Bandeja Paisa: Everyone’s Plate

Bandeja Paisa: Everyone’s Plate

Discover variations on this beloved Colombian classic dish – and why it’s so sought-after!

Food unites us. When it comes to memories or stories shared, they often take place over a nice, authentic meal. And when it comes to our respective países, we all enjoy signature meals made with love, care and amazing flavors.

The widely popular Colombian dish, bandeja paisa, or “country platter,” is no different. The traditional dish hails from the Andean region ( región andina) of the country where the people are referred to as paisas. Hence, bandeja paisa is affectionately called the “People’s Plate.”

This flavorful dish is a fusion of meats, rice and beans, and the lengthy list of ingredients include an arepa, chorizo, carne molida (ground meat), chicharrón (pork rind), plantains, hogao sauce (criollo sauce made with onions, tomatoes, pepper, oregano, cumin, and salt), morcilla (black pudding, or blood sausage), avocado, lemon and a fried egg on top – among other additions.

Also known as bandeja montañero, típico and bandeja antioqueña, bandeja paisa exists in other forms with versions that add or remove specific ingredients. Some restaurants will offer a variation of the dish that adds grilled pork, grilled steak and liver. In Bogotá, a diet-friendly version of the dish swaps out pork with grilled chicken breast, black pudding with salad and chorizo with a Vienna sausage.

Why Bandeja?

Bandeja paisa is typically eaten during lunchtime and was used to fuel the paisas that worked and climbed the steep mountain daily. The dish, which was once reserved for the paisas, has become a favorite of those in Colombia and beyond.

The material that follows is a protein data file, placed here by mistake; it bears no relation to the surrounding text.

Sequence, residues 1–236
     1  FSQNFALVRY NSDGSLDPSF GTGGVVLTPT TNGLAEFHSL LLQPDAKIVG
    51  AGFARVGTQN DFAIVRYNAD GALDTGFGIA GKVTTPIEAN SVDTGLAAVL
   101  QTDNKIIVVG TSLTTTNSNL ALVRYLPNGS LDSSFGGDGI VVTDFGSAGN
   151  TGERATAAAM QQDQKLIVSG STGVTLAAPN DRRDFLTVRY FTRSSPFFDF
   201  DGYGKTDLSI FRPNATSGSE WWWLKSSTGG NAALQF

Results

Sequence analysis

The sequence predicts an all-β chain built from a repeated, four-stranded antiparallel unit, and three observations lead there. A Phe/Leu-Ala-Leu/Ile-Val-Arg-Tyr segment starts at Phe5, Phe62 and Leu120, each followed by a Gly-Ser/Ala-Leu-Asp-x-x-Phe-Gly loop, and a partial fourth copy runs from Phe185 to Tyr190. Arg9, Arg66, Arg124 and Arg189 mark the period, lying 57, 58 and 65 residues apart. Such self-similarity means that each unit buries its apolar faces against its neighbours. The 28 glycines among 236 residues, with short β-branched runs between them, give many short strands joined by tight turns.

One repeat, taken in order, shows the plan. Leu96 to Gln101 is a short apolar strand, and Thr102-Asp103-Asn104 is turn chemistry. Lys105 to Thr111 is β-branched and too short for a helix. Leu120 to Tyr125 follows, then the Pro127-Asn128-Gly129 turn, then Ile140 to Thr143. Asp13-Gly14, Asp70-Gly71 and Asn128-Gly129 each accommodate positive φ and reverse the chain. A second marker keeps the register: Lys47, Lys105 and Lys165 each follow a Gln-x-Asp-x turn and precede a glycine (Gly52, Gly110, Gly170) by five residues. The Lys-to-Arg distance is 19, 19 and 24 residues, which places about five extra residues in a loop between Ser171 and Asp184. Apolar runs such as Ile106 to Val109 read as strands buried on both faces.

Many enjoy this tasteful, traditional dish. While it may not be the tidiest of plates, its flavors will have your palate dancing. The mash-up of ingredients is the culinary reflection of Colombia’s indigenous, Spanish and African roots.

So when in Colombia, you have to eat this Colombian signature meal! You’ll want to find the nearest hamaca and enjoy a siesta when you’re finished. And if you’d like to give bandeja paisa at try at home, here’s a recipe to get you started:


Become a member of P&G everyday and get exclusive offers!

Become a member

2 lbs ground beef
Chicharrones (fresh pork rinds)
6 eggs
2 lbs bacon
3 cups cargamanto beans or large red beans
2 tablespoons of oil
1 cup criollo sauce, hogao
Sweet, ripe plantains or tostones
Salt as needed 

For the hogao
2 tablespoons of oil
4 large onions
4 tomatoes
Achiote paste

For the ground beef
2 lbs beef
Bacon crumbled into pieces 

Arepa Antioqueña
3 cups corn flour (white or yellow)
2 teaspoons oil
2 cups warm water
Salt as needed


1. Cover beans in water and let them soak overnight (the night before making the recipe).
2. Cook beans in the same soaking water and stir in 1 tablespoon (half) oil. When the beans become soft, add salt.
3. Meanwhile, cook the ground beef in oil and add in half the hogao while stirring well. Crumble bacon and fry chicharrones.
4. When beans are tender, stir in remaining hogao and cook 5 to 10 additional minutes. In skillet, add oil over high heat, carefully fry sweet plantains or tostones; fry the eggs. Serve dish in trays with rice, avocado and arepas.
5. Hogao o Guiso: Mix all ingredients together and cook in skillet for 10 minutes.
6. Arepas: Place corn arepa flour in bowl large enough to knead in it. Stir in oil over flour.
7. Stir in salt and water; mix until dough is formed
8. Make a ball of dough in your hand; flatten to small patties.
9. Heat oil in skillet over medium-to-high heat, cook patties until browned on both sides.

¡ Buen provecho!

What’s your favorite take on this classic dish?

Complete your personal information

Please fill in the information marked with an asterisk to proceed; if you want to get tailored offers and content, don't forget to fill in the optional fields.